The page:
The highlight of this era was Mani Ratnam’s Roja (1992), which also boasted some haunting melodies by A.R.Rahman.

Anil Sharma’s Gadar (2001), which starred Sunny Deol and Amisha Patel, will remain one of the shrillest films made on the subject. Meant for the front benchers, the film made money but marked the decline in patriotic film genre.

The late 1990s and early 2000s also saw the emergence of JP Dutta, a modern-day Manoj Kumar. With films Border and LOC, he would take us back to films with high dose of melodrama.

Thankfully, soon another lot of films, hit the screen, which brought semblance of restraint to this genre. Leading the charge was Shah Rukh Khan with films like Swades and Chak De! India, both of which celebrated Indianness, one by bringing development to grass-root level and the other, celebrating India’s sporting glory.

With Rang De Basanti, Aamir was back on the silver screen, fighting many other ills that plague the nation—systematic corruption and political apathy—a band of college goers who take it upon themselves to set things right. All along, the narrative takes us back to the revolutionaries (Chandrasekhar Azad, Bhagat Singh, Shivaram Rajguru, Ashfaqulla Khan and Ram Prasad Bismil) of the national movement.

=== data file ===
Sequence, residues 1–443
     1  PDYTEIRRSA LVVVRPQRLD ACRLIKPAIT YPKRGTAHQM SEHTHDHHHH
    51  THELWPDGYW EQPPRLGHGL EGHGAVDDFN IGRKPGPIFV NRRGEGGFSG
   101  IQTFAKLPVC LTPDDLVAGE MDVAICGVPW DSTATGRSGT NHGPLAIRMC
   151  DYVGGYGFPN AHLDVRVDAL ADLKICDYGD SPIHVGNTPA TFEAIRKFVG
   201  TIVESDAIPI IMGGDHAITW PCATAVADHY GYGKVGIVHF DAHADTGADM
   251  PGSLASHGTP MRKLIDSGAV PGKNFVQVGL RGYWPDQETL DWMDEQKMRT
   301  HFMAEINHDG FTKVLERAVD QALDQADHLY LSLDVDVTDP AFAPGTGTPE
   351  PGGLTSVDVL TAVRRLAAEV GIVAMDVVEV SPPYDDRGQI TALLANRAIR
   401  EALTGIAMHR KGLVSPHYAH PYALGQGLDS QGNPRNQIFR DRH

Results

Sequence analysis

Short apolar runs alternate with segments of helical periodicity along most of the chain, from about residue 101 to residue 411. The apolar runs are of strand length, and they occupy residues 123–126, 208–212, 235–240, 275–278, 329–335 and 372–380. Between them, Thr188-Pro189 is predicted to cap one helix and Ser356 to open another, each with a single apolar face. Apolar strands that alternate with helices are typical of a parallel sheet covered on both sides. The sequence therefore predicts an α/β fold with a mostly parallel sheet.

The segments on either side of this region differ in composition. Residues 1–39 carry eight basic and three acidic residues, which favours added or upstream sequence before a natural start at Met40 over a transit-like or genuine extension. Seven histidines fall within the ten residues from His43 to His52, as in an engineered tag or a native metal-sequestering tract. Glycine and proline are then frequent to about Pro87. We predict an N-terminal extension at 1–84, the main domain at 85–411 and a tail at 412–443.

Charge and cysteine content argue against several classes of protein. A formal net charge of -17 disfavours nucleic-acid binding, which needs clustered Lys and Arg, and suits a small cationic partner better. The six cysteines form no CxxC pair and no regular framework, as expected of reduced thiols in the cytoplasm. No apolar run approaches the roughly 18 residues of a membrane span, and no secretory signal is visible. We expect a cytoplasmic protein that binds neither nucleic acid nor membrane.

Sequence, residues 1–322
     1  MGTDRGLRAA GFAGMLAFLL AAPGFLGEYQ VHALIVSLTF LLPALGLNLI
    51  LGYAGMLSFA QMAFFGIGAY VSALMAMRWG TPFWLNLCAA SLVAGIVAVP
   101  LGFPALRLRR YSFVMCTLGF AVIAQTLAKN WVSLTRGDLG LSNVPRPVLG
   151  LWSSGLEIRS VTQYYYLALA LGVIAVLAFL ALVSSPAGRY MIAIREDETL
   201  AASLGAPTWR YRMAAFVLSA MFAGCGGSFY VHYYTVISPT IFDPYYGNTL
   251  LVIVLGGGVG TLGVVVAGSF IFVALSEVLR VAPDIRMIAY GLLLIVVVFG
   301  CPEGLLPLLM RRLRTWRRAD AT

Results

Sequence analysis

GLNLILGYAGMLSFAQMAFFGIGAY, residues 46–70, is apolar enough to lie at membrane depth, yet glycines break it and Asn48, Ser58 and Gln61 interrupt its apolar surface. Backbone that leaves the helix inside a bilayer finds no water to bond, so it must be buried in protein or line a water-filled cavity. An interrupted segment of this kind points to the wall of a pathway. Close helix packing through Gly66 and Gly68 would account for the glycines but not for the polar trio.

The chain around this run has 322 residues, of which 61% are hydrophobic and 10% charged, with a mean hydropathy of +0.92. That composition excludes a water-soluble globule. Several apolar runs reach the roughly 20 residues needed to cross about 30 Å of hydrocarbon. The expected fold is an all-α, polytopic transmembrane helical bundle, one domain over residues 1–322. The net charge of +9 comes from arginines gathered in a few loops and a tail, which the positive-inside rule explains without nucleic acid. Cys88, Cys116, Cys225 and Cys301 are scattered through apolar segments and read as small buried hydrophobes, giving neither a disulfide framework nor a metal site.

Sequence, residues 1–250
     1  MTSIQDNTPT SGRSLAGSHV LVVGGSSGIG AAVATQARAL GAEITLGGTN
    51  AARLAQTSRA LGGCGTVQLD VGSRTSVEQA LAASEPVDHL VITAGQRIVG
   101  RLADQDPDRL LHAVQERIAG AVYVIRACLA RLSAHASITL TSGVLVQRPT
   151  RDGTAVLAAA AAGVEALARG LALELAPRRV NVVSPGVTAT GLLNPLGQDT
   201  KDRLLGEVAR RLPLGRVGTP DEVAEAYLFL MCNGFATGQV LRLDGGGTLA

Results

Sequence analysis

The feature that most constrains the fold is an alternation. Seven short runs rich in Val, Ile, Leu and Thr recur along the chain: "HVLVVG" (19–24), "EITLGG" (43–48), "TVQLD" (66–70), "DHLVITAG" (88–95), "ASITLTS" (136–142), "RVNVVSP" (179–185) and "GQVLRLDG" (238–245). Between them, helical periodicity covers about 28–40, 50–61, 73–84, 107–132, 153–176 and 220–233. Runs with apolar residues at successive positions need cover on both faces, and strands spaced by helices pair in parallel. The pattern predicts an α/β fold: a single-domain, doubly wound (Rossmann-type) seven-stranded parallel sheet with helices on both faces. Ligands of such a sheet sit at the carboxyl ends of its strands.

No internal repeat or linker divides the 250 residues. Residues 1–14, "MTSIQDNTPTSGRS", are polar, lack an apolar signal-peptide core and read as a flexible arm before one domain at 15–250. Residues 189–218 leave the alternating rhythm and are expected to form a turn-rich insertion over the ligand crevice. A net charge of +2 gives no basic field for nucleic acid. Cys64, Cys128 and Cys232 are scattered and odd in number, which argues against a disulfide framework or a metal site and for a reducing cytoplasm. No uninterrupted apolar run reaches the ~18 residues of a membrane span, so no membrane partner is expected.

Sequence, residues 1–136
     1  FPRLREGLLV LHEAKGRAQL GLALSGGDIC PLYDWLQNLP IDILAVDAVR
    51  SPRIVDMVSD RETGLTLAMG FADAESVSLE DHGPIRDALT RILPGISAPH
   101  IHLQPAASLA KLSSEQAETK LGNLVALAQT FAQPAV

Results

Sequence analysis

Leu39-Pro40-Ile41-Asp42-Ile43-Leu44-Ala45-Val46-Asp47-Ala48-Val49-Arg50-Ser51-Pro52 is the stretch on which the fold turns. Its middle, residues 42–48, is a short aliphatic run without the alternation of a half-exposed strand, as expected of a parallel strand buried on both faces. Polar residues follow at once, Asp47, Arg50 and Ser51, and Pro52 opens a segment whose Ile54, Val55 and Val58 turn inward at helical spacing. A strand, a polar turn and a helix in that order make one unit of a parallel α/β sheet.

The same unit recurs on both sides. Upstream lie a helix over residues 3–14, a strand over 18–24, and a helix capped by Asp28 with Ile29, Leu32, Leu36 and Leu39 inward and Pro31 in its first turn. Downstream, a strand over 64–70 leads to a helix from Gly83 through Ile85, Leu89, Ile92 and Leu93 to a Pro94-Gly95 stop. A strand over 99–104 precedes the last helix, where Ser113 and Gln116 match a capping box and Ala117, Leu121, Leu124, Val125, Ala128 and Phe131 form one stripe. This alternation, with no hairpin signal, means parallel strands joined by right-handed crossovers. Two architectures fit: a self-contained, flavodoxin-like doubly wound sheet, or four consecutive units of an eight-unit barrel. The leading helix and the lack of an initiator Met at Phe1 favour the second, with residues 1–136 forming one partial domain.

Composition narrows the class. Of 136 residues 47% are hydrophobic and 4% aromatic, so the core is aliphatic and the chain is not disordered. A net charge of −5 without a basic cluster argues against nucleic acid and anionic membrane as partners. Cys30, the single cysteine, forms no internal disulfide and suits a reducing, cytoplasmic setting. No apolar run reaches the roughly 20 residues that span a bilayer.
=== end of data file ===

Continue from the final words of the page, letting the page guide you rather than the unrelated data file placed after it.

Chandraprakash Dwivedi’s Pinjar (based on Amrita Pritham’s novel of the same name) was a poignant partition tale. So was Farhan Akhtar’s Lakshya, a realistic narration of the Kargil war with a love story thrown in.

However, a major shift in perspective was waiting to happen and leading this change was the duo - Akshay Kumar and Neeraj Pandey. When A Wednesday released, it signalled a complete change in perspective. Innocence made way to newfound assertiveness. Sacrifice and valour acquired a whole new complexion. Fighting for the nation acquired a distinct cold and calculated demeanour. It wasn’t about singing paean for the dead; it was about finishing off the ‘enemy’ with assertiveness, not seen before. However, there wasn’t any vindictiveness, just a crazy resolve (aided by some gritty filmmaking techniques).

Akshay’s Baby and Holiday and Rana Daggubati’s The Ghazi Attack fell in this bracket.

Of late, movies of this genre have gone a step further, projecting the ‘enemy’ in not necessarily in a negative light. Films like Raazi, which starred Alia Bhatt as an Indian spy in Pakistan, has its heart in the right place. Love of one’s land doesn’t necessarily have to be at loggerheads with intrinsic goodness or hating the enemy as a matter of fact.

With films like Mulk, the notion of identity has been turned on its head, with an attempt to show that the ‘other’ can be every bit nationalistic.

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First Published: Aug 15, 2018 12:09 IST